Posted: Week of January 15 

Agency: USDA Food and Nutrition Service (FNS)  

Action: Interim Final Rule re Establishing the Summer EBT Program and Rural Non-Congregate Option in the Summer Meal Programs; Comment submission deadline by April 29, 2024.  

Why it matters: This interim rule went into effect December 29, 2023, and amends the Summer Food Service Program (SFSP) and National School Lunch Program’s Seamless Summer Option (SSO) so that program operators could provide SFSP and SSO meals using a non-congregate approach. This means eligible children, especially those residing in rural areas, do not need to travel to traditional congregate sites to participate. Secondly, this interim final rule allows the new Summer EBT program to use EBT cards so that families can purchase food for their children. Initial stakeholder feedback (including ITOs) was generally positive about changes to SFSP and SSO, with some concerns about the definition of “rural.” USDA consulted with Tribal leaders on Summer EBT in May 2023. ITOs shared robust feedback on three specific topics: the benefit delivery model for ITOs, enrolling eligible children, and de-duplication of benefits.  

Posted: Week of January 8  

Agency: DOI Bureau of Indian Affairs   

Action: Notice regarding Indian Entities Recognized by and Eligible to Receive Services from the Bureau of Indian Affairs  

Why it matters: Updated from August 1, 2023, this list contains 574 tribal entities. Due to their status as Indian Tribes, these entities are eligible for funding and services from the Bureau of Indian Affairs (BIA). BIA continues listing Alaska Native entities separate from Indian Tribal Entities within the contiguous 48 States.   

Posted: Week of January 8  

Tribal Consultation and Listening Sessions:

Title of Event: Food and Drug Administration Front-of-Package (FOP) nutrition labeling Listening Session 

About: FDA Tribal Listening Session: The U.S. Food and Drug Administration (FDA) invites federally recognized American Indian and Alaska Native Tribes to participate in an all tribes call with FDA to learn about the FDA’s work related to front-of-package (FOP) nutrition labeling (FOP labels). 

Date: February 9th, 2024 

Time: 1:00-2:00 pm ET. 

Location:  Online.

IFAI Tribal Caucus registration – February 5 at 2:30 p.m. CST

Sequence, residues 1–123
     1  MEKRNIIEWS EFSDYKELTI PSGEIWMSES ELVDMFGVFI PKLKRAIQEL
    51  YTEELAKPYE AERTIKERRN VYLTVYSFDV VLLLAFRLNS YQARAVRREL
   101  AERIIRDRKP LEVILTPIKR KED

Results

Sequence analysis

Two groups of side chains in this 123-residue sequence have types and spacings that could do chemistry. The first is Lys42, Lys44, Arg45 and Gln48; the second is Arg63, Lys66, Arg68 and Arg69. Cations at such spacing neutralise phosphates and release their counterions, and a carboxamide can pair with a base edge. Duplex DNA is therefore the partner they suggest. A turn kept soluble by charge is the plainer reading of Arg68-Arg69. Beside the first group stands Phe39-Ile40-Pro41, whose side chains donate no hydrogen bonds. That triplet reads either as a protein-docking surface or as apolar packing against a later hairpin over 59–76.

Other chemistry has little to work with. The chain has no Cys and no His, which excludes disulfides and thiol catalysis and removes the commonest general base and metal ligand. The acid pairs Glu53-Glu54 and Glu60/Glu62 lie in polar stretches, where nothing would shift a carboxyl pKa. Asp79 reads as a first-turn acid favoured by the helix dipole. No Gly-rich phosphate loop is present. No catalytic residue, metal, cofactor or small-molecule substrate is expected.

Title of Event: FDPIR Tribal Leader Consultation Work Group Tribal Consultation 

About: This consultation is the first of three annual USDA Food and Nutrition Service consultations with the Food Distribution Program on Indian Reservations. 

Date: Friday, February 16th, 2024 

Time: 9:00 am- 5:00 pm ET 


U.S. Department of Agriculture  

1400 Independence Ave SW 

Washington, D.C. 20250 

Room TBD 

Online options are available as well.

Court Decisions:   

U.S. District Court for the District of Montana: 

Eagle Bear, Inc. v. The Blackfeet Indian Nation, et.al., CV-22-93-GF-BMM (Jan. 9, 2024) 

In December, a Montana Federal court held that the BIA properly followed regulations to cancel a lease between the Blackfeet Nation and a non-Tribal member entity running a KOA campground on trust land that had been delinquent on multiple lease payments. Eagle Bear appealed the order to the United States Court of Appeals for the Ninth Circuit and filed a motion asking this Court to delay the lease cancellation order until the appeal has been decided. The court agreed to delay the execution of the court order but ordered Eagle Bear to post a $1,000,000 surety bond. 


U.S. District Court for the Northern District of Oklahoma  

United States of American and Osage Mineral Council v. Osage Wind, LLC, et.al., CV-00704-JCG-JFJ (Dec. 20, 2023) 

The Court awarded a permanent injunction to the Osage Nation and the United States and ordered the ejectment of the wind turbine farm for continuing trespass. The court has set a damages trial to determine the amount of monetary damages resulting from the trespass and conversion. The court relied on a 2017 Tenth Circuit decision that held the excavation required to install and maintain a wind turbine constituted “mining” and required a lease under federal law. The court noted that the wind turbine company ignored repeated requests by the BIA and the Osage Mineral Council that it obtain a lease and, as a result, infringed on the sovereignty of the Osage Nation. 

Tribal News:

USDA Announces Appointments to the Cattlemen’s Beef Promotion and Research BoardDrovers 

  • The USDA announced its appointees to the Cattleman’s Beef Promotion and Research Board, which sets to provide a framework for agricultural industries and develop new markets for beef producers.  
  • One of the appointees is Verna Billadeaux, who currently serves as the Federally Recognized Tribal Extension Program (FRTEP) agent for the Blackfeet Nation. 


Acorn Conference Sows Seeds of Pride and Love for Traditional Acorn Practices First Nations Development Institute 

  • In November, the Sherwood Valley Tribal Youth Program and Indigenous Community Initiatives hosted the first ever Acorn Conference.  
  • This conference showcased the acorn and its importance to many of the Tribes in California as a food source and art.